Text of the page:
Game and watch
I’m several hours into Miitopia, the new RPG for the Nintendo 3DS releasing at the end of the month, but I’m already thinking I should start over. Not because I’ve made any mistakes as that so far is impossible to do. I want to start over because watching my Miis hop and skip along these trails has me thinking my party should be made up of Dorothy, the Tin Man, Scarecrow and Lion from The Wizard of Oz. This occurred to me when, out of nowhere, I actually started singing to myself “We’re off to beat the Dark Lord, the dastardly Dark Lord of Miitopia. We hear he is a bit of a dick and that is why he’s about done. If ever, oh ever a dick there was, the Dark Lord of Miitopia is one because, because, because, because, because, because… because of the dastardly things he’s done (dun dun dun dun dun dun dun dun). We’re off to beat the Dark Lord, the dastardly Dark Lord of Miitopia!”
Yup, that’s the type of mood this game has put me in.
Miitopia is, distilled down to its very essence, Tomodachi Life: The RPG. Now, if that sounds like a “No duh!” kind of statement because both games star Miis, think for a second exactly what Tomodachi Life is. It’s a life sim, one that doesn’t really require much player interaction. Characters perform automatically and the player is only there for a few simple tasks. The core of the experience is you have to keep your island inhabitants happy, something that is also true of Miitopia.
Across the first continent of the game, I put it on cruise control to see if I was even needed at all. Final Fantasy XII’s gambit system gets a lot of flak for being something you can watch more than play; criticism perfectly suited for Miitopia. I have the option of deciding the actions of my main Mii, but the other three act based on their personality, class, and relationship with other members of the team. Right now the bond is strong between my Mii character and Houston Texans franchise player J.J. Watt. Lt. Uhura from the starship Enterprise and pop sensation Iwata are also close with friendships just starting to blossom between the whole group.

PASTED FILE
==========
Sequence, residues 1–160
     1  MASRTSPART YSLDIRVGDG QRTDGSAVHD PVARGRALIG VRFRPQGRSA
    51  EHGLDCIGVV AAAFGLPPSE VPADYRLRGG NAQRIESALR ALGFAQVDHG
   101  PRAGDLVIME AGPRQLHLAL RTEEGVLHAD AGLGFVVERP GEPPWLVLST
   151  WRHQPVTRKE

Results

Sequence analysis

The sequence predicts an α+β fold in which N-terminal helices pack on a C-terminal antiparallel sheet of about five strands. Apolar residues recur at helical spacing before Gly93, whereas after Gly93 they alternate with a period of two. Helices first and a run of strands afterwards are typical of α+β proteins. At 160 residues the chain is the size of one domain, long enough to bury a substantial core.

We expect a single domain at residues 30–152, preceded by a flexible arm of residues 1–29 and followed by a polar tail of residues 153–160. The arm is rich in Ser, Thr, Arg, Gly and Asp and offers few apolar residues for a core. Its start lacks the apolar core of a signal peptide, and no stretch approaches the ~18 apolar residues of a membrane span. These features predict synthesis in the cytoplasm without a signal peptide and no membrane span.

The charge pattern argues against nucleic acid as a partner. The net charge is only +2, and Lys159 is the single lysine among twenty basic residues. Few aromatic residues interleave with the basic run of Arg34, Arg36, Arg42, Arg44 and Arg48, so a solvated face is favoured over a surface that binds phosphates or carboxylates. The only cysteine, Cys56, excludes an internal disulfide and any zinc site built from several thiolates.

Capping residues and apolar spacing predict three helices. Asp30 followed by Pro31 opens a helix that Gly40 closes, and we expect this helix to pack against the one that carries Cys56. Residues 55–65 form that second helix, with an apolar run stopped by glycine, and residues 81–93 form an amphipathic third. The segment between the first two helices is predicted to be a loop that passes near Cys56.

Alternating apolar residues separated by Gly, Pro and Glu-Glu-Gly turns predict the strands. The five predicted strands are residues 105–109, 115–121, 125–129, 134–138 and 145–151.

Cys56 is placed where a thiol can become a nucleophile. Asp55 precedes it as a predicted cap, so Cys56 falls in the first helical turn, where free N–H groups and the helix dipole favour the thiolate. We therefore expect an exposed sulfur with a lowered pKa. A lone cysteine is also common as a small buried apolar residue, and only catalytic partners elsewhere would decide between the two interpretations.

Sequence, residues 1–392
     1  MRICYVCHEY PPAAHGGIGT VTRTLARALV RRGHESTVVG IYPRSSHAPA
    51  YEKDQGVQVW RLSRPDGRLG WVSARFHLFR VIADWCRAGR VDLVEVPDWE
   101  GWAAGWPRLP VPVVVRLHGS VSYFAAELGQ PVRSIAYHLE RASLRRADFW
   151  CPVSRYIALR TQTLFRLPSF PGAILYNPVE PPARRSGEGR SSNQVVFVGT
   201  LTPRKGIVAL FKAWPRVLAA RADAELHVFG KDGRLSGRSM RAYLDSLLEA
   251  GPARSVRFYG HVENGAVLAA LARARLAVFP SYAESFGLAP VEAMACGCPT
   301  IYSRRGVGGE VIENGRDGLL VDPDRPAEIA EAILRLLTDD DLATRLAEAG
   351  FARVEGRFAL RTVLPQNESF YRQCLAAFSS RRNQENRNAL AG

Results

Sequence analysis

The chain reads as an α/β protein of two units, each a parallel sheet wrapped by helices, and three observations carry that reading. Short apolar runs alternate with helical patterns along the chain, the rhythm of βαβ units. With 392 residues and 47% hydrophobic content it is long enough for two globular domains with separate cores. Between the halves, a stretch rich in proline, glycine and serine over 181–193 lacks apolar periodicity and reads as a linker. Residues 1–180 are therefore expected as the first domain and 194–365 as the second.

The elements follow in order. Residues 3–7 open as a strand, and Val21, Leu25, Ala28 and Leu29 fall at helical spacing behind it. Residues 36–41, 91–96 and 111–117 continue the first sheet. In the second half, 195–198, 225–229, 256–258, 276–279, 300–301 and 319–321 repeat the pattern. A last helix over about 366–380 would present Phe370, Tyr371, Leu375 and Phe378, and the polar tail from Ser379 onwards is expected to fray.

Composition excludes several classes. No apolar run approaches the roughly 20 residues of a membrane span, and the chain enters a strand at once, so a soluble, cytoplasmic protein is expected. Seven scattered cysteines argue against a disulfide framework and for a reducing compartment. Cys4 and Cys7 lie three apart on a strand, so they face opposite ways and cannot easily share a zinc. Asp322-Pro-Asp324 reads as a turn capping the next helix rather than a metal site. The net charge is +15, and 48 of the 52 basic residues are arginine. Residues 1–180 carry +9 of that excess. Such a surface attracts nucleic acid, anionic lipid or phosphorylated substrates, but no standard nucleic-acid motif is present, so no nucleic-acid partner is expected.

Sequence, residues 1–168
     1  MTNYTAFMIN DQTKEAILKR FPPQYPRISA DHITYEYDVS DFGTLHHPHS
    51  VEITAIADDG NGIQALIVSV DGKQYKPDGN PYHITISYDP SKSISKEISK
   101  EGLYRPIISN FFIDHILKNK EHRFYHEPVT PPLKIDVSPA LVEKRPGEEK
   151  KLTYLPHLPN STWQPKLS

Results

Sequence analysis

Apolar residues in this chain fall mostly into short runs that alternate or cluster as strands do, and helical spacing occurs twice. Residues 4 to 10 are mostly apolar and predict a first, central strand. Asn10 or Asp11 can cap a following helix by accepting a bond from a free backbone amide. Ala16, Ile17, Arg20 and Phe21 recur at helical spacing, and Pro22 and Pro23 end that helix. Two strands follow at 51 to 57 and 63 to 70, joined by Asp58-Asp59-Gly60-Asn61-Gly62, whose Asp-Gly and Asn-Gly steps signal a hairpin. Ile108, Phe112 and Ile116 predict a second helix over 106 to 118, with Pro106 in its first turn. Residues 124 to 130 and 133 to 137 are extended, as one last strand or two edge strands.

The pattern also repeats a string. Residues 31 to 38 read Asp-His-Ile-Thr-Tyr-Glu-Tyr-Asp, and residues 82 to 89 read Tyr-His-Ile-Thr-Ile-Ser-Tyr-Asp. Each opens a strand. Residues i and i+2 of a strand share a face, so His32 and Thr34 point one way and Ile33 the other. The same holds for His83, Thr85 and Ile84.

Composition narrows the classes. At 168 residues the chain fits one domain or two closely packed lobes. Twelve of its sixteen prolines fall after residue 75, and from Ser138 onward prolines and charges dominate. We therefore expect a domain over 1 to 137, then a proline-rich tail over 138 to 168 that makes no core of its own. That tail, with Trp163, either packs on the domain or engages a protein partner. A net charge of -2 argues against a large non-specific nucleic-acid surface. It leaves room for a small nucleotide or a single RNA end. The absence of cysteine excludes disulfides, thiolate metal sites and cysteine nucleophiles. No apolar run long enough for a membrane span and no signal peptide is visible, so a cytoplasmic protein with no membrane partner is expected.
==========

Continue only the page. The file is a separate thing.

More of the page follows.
Happy characters are powerful characters. As relationships develop, I unlock new skills that allow Miis to team up for attacks, warn others when they’re about to be hit, or just shower each other with praise. Enemies can pack a punch, but with Iwata trying to impress J.J. or Uhura and my Mii teaming up for a front-and-back attack, my squad is able to stand toe-to-toe with the strongest foes they face.
With my Mii, the laid-back chef, making all his own decisions, I’ve seen the bonds between him and the other members fluctuate greatly. One of his moves is to cook up a spicy dish, feed it to a partner and have that Mii breathe fire on an enemy. This move can damage relationships and for some reason, my Mii kept using it with Iwata, driving a wedge between them in the early stages of their bromance.
Characters in a quarrel act in funny ways. During this feud between the two, Iwata would often jump in front of my Mii to get his shot in first, something of a “neener-neener” maneuver. He would refuse to cooperate in any of the team attacks I had unlocked between the two and would generally be bitter in their travels. I’ve spent plenty of time trying to get these two back on speaking terms only to have my Mii enthusiastically use that spicy dish move once more with Iwata, sending him straight to the dog house for another set of stages.
So control matters and it’s probably a good idea to make the choices of my main Mii as partner AI here isn’t all that smart. Characters routinely attack distracted or otherwise incapacitated enemies instead of dishing it out on those who have the ability to strike back. My thief lays down traps for enemies that don’t attack up close, rendering them useless.
I can’t get mad at their ineptitude because everything here is all in good fun. From the iCarly levels of drama to the odd nonsequiturs that punctuate our odyssey, Miitopia makes me grin. It’s not as weird as Tomodachi Life and the banter does tend to repeat often as we bustle down these branching byways, but building bonds between buddies is cathartic in its own uncomplicated way.